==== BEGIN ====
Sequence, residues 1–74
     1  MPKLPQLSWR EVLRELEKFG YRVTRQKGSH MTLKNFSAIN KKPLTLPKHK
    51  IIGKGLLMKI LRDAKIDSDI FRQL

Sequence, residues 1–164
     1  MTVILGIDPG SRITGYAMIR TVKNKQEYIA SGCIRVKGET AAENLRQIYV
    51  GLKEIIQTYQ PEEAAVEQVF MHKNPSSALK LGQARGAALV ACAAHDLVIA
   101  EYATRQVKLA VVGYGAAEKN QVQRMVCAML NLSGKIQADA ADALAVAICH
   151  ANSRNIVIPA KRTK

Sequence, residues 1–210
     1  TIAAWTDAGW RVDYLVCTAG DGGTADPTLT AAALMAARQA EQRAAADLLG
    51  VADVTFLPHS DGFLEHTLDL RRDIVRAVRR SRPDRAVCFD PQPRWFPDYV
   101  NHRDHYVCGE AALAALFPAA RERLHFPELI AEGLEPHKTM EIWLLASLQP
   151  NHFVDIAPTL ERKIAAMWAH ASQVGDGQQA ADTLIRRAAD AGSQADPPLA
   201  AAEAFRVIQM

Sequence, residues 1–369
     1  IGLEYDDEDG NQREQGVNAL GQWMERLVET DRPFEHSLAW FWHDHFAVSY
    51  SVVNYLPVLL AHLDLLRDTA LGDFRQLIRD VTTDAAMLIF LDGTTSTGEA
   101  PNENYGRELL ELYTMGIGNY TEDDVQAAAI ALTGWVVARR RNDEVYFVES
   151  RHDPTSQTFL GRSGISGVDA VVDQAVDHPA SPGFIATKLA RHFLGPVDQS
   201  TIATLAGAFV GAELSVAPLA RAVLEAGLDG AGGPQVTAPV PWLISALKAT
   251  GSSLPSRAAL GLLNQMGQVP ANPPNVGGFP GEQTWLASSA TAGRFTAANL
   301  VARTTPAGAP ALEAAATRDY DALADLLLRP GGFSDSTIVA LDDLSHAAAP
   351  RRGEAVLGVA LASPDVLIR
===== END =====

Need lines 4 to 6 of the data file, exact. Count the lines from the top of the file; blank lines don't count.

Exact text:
Sequence, residues 1–164
     1  MTVILGIDPG SRITGYAMIR TVKNKQEYIA SGCIRVKGET AAENLRQIYV
    51  GLKEIIQTYQ PEEAAVEQVF MHKNPSSALK LGQARGAALV ACAAHDLVIA